What are the definitions of stalking and sexually oriented offenses?
To get an SSOOPO, you must show that the abuser (known as the “respondent” in court) has committed acts that would come under the crime of menacing by stalking or that the respondent committed a sexually oriented offense against you. It does not matter if the respondent was ever charged with either of these crimes or not. It only matters that s/he has committed one of the acts described in these crimes.1
You can read the definition of menacing by stalking on our Selected Ohio Statutes page (see sections (A)(1) and (A)(2)).
The definition of a sexually oriented offense is when someone commits or attempts to commit an act that comes under one of these crimes even if the person was not arrested for it:
- sexual battery;
- unlawful sexual contact with a minor (see the statute sections (A)(2) and (3) for certain conditions regarding the age difference of the victim and offender);
- gross sexual imposition;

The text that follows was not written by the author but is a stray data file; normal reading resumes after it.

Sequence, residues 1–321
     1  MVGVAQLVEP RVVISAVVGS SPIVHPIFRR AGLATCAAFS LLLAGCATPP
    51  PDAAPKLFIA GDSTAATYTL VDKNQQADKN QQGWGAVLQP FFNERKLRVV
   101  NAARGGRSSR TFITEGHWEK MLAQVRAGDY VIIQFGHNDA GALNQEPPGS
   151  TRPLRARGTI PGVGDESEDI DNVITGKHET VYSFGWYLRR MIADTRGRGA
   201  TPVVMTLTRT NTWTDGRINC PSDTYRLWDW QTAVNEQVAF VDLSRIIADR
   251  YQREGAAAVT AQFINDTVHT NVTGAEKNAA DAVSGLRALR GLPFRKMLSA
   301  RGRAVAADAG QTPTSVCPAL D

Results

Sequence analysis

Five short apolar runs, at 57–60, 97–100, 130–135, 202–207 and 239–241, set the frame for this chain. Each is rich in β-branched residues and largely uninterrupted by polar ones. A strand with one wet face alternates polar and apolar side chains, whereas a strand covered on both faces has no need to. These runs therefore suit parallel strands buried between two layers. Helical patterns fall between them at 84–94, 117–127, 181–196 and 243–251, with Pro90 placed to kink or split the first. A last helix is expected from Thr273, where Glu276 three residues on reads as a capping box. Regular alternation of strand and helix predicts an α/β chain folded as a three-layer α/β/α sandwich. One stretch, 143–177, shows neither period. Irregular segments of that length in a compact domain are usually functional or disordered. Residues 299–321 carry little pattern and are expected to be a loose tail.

- sexual imposition;
- importuning (soliciting a minor for sexual activity);
- voyeurism (deals with secretly videotaping sexual acts or similar actions);
- compelling prostitution;
- promoting prostitution;
- pandering obscenity;
- pandering obscenity involving a minor;
- illegal use of a minor in nudity-oriented material or performance;
- felonious assault when committed with a sexual motivation; and
- committing menacing by stalking with a sexual motivation.2
- Note: There are additional acts involving human trafficking, murder, manslaughter, kidnapping and other crimes when sexually motivated, which we have not included in the above list; to read these, see sections (A)(4),(7)-(11) of the law.
1 Ohio Rev. Code § 2903.214(C)(1)
2 Ohio Rev. Code § 2950.01(A)